|US5835766||Oct 19, 1995||Nov 10, 1998||Fujitsu Limited||System for detecting global deadlocks using wait-for graphs and identifiers of transactions related to the deadlocks in a distributed transaction processing system and a method of use therefore|
|US5845117||Sep 25, 1996||Dec 1, 1998||Fujitsu Limited||Deadlock detecting device|
|US5909542 *||Nov 20, 1996||Jun 1, 1999||Cfi Proservices, Inc.||Distributed computing system for executing intercommunicating applications programs|
|US6009275||Oct 15, 1996||Dec 28, 1999||Hyundai Electronics America, Inc.||Centralized management of resources shared by multiple processing units|
|US6728809 *||Sep 8, 2000||Apr 27, 2004||Matsushita Electric Industrial Co., Ltd.||Time-out control apparatus, terminal unit, time-out control system and time-out procedure|
|1||D. Hewgill, et al., "Tivoli Storage Manager Version 4.2 Technical Guide", IBM, Document No. SG24-6277-00, Jan. 2002, Chapter 1, pp. 37-54, Chapter 4, pp. 119-130.|
|2||*||Two Phase Resource Queries with a Suppressible Second Phase IBM Technical Disclosure Bulletin, Dec. 1991, vol. 34, No. 7B, pp. 357-395.*|
|3||U.S. Appl. No. 10/091,797, filed Mar. 6, 2002, entitled "Multi-Session No Query Restore", by inventors R. Edwards, et al.|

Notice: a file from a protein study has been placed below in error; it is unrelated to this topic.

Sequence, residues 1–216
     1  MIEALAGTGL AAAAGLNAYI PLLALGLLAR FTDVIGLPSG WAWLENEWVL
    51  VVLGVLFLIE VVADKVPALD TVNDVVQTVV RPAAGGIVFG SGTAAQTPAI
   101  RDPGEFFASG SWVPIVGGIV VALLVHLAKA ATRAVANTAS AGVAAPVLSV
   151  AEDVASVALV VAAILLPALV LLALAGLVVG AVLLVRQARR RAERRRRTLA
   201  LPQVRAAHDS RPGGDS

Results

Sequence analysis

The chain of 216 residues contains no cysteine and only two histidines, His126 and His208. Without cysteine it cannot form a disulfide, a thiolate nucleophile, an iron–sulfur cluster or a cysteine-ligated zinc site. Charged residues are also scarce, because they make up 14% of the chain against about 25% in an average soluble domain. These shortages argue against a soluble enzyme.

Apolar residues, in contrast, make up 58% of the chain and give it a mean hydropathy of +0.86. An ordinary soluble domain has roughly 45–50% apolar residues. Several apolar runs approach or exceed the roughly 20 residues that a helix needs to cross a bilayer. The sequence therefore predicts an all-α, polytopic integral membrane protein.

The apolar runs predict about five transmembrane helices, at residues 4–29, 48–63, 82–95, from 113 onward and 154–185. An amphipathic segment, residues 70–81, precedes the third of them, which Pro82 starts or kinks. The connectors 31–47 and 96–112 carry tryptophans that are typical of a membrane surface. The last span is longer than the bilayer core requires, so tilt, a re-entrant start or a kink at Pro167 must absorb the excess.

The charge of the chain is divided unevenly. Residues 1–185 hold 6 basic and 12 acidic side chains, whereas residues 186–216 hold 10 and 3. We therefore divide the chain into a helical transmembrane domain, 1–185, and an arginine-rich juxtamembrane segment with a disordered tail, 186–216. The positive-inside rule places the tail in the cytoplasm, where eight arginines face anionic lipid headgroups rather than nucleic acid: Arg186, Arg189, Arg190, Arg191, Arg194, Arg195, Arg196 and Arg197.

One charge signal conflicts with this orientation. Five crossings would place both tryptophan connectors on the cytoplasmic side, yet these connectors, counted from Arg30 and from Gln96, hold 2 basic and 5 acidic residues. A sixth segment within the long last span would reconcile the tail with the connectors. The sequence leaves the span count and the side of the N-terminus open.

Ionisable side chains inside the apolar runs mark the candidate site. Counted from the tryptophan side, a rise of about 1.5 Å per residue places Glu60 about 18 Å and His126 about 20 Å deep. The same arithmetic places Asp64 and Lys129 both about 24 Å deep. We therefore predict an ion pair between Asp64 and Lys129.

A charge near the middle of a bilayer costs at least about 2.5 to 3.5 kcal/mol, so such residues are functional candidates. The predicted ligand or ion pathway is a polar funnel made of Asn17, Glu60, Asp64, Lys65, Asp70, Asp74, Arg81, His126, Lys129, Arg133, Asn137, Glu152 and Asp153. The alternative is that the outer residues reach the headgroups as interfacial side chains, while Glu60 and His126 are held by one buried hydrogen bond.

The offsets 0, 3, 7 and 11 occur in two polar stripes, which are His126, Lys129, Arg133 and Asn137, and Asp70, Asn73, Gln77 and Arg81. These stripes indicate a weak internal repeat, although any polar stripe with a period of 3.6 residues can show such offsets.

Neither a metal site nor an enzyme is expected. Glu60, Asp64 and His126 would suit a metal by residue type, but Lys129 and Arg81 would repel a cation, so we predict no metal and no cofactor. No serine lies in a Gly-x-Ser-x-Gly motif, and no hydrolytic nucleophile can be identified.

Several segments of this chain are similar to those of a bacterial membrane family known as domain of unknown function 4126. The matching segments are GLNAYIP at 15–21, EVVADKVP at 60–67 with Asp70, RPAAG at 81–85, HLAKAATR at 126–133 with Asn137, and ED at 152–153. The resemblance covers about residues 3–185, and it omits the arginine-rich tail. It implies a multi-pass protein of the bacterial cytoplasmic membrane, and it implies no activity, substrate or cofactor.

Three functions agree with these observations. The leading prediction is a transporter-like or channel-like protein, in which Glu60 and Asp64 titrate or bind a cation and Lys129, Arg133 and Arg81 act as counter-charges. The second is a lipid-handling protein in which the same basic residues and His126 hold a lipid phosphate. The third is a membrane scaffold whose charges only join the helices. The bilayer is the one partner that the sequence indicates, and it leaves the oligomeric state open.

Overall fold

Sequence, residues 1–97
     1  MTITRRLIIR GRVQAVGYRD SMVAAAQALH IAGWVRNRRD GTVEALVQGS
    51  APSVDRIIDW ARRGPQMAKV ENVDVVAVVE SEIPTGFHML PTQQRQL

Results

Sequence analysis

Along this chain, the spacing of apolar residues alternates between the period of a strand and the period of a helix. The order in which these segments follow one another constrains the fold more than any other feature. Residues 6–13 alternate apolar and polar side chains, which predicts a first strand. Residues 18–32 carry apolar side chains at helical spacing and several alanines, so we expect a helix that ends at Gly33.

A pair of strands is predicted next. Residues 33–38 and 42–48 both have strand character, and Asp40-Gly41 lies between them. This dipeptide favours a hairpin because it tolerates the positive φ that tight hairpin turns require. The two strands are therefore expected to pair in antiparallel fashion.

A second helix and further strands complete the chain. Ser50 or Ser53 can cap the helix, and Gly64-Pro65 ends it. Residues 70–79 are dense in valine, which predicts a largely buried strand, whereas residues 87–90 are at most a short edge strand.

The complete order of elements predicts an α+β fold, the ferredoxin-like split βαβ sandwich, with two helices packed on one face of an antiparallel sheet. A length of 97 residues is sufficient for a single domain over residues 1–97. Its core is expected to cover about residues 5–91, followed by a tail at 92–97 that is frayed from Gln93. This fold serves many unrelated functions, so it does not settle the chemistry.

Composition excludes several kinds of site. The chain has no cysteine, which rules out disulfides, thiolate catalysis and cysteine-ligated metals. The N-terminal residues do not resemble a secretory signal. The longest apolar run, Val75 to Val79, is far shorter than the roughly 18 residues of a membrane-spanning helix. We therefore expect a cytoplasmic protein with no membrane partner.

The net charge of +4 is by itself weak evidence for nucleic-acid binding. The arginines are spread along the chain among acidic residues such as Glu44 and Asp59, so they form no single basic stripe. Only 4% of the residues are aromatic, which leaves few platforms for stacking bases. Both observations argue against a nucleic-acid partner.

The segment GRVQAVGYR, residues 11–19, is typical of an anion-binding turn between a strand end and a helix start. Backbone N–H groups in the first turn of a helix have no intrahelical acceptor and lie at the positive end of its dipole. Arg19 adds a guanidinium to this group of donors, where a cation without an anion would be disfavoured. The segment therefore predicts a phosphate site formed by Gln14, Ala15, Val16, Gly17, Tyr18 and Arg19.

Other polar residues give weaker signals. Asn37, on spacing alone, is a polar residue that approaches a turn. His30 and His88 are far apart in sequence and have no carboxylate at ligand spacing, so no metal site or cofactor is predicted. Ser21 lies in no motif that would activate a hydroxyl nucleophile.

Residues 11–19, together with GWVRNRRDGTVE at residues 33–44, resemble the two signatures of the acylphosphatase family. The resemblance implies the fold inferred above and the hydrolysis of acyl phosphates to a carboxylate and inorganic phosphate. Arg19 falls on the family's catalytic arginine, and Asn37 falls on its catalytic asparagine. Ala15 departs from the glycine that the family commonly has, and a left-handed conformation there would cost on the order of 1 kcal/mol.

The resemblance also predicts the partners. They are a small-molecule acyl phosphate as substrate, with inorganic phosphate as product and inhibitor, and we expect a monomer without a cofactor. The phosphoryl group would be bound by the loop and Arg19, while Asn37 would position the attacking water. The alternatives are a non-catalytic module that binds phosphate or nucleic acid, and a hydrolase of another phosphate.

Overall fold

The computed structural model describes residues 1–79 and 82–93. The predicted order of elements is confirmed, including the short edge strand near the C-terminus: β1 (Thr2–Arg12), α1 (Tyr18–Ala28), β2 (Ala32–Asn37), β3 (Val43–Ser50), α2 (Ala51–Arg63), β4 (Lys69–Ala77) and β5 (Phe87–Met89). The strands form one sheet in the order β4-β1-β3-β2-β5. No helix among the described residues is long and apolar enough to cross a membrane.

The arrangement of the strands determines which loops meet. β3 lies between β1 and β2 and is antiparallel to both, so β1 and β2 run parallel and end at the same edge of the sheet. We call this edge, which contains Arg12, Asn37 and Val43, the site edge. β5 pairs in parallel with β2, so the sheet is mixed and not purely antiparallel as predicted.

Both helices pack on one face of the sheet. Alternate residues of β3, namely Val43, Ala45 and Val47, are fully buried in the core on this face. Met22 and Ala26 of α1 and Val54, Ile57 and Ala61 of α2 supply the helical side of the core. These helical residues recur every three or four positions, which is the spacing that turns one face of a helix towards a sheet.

|Citing Patent||Filing date||Publication date||Applicant||Title|
|US7526620||Sep 14, 2005||Apr 28, 2009||Netapp, Inc.||Disk sanitization in an active file system|
|US7558839||Sep 14, 2005||Jul 7, 2009||Netapp, Inc.||Read-after-write verification for improved write-once-read-many data storage|
|US7559088 *||Jul 7, 2009||Netapp, Inc.||Method and apparatus for deleting data upon expiration|
|US7581118||Dec 5, 2005||Aug 25, 2009||Netapp, Inc.||Disk sanitization using encryption|
|US7685174 *||Jul 8, 2004||Mar 23, 2010||Seventh Knight Inc.||Automatic regeneration of computer files|
|US7698318 *||Apr 13, 2010||Microsoft Corporation||Automatically determining file replication mechanisms|
|US7720817||Feb 4, 2005||May 18, 2010||Netapp, Inc.||Method and system for browsing objects on a protected volume in a continuous data protection system|
|US7752401||Jan 25, 2006||Jul 6, 2010||Netapp, Inc.||Method and apparatus to automatically commit files to WORM status|
|US7774610||Aug 10, 2010||Netapp, Inc.||Method and apparatus for verifiably migrating WORM data|
|US7783606||Aug 24, 2010||Netapp, Inc.||Method and system for remote data recovery|
|US7797582||Aug 3, 2007||Sep 14, 2010||Netapp, Inc.||Method and system for storing data using a continuous data protection system|
|US7904679||Mar 8, 2011||Netapp, Inc.||Method and apparatus for managing backup data|
|US7979654||Jul 12, 2011||Netapp, Inc.||Method and system for restoring a volume in a continuous data protection system|
|US8028135||Sep 1, 2004||Sep 27, 2011||Netapp, Inc.||Method and apparatus for maintaining compliant storage|
|US8572026 *||Feb 6, 2005||Oct 29, 2013||Oracle International Corporation||Data synchronisation across multiple data storages when processing transactions received on a network|
|US20050081099 *||Oct 9, 2003||Apr 14, 2005||International Business Machines Corporation||Method and apparatus for ensuring valid journaled file system metadata during a backup operation|